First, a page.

San Francisco is gearing up to spend more than $2.3 million of state funds for mental health needs, the first allocation coming as a result of California's new voter-approved fund.
The Mental Health Services Act, passed in November 2004, is estimated to generate $600 million in funding annually that will be earmarked for direct mental health services for clients, as well as prevention and education programs. The funding comes from a 1 percent tax on citizens with an income of $1 million or more.
Although San Francisco is expected to receive approximately $5.3 million for direct services in future years, its first allocation will only be $1.3 million, since it is the last quarter of fiscal year 2005-06. In addition, the state also allowed counties to submit funding requests for one-time spending since it is so late in the year.
Robert Cabaj, M.D., director of community behavioral health services for The City said the challenge now is to get a request for proposals out to local mental health service providers in the next few weeks and then select those that will receive the state funds.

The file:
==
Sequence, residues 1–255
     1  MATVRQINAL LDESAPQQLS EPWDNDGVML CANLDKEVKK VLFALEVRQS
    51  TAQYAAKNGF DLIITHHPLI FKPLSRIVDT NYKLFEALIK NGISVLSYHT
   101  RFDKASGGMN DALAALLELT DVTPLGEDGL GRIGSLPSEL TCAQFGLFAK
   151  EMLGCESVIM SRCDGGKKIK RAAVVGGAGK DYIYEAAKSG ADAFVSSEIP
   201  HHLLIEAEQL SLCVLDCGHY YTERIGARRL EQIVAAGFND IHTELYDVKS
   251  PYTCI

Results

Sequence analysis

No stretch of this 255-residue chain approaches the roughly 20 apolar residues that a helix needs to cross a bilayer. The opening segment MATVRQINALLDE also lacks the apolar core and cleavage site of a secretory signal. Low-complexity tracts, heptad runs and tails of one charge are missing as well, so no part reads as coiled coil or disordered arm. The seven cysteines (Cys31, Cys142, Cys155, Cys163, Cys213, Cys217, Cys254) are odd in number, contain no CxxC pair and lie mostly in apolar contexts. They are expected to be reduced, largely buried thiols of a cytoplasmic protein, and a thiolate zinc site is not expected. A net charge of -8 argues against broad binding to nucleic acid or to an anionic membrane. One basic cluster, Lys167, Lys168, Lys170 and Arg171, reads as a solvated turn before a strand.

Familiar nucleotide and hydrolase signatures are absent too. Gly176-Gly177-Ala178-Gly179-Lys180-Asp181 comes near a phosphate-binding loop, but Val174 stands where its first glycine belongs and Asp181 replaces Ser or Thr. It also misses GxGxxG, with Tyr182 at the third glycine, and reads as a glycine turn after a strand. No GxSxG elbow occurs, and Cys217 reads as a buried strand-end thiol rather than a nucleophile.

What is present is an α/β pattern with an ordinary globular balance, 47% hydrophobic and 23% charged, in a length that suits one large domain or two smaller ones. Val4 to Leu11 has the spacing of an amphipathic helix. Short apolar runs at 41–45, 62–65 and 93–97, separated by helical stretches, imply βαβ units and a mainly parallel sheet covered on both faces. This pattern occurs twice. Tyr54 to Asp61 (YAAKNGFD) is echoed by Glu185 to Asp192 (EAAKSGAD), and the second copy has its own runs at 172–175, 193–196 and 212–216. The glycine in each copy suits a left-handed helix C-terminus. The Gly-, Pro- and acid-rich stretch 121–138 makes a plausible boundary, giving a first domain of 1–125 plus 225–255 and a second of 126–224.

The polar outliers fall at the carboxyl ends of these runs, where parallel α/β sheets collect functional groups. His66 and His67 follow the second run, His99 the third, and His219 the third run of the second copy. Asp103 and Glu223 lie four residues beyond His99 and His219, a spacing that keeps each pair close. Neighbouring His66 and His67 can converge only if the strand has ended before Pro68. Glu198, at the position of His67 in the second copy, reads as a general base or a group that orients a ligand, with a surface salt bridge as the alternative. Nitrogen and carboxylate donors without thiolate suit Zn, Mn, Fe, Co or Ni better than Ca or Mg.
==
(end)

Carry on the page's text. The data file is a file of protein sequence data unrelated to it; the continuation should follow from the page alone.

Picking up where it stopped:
The money can't come fast enough, said Kevin Hines, 24, a member of The City's Mental Health Board who has bipolar disorder.
When Hines was 16, he had a nervous breakdown while acting in a school play at San Francisco's Archbishop Riordan High School. Two years later, he threw himself over the Golden Gate Bridge's rail into the icy water below.
One of the few bridge-suicide survivors, Hines is now on a strict health regime that includes medication and therapy. He is working as an activities coordinator for San Francisco's School of the Arts.
"I'm an advocate for getting more mental health services," said Hines. "But we're going to need more allocations besides Prop 63. We should be getting money from major corporations, too."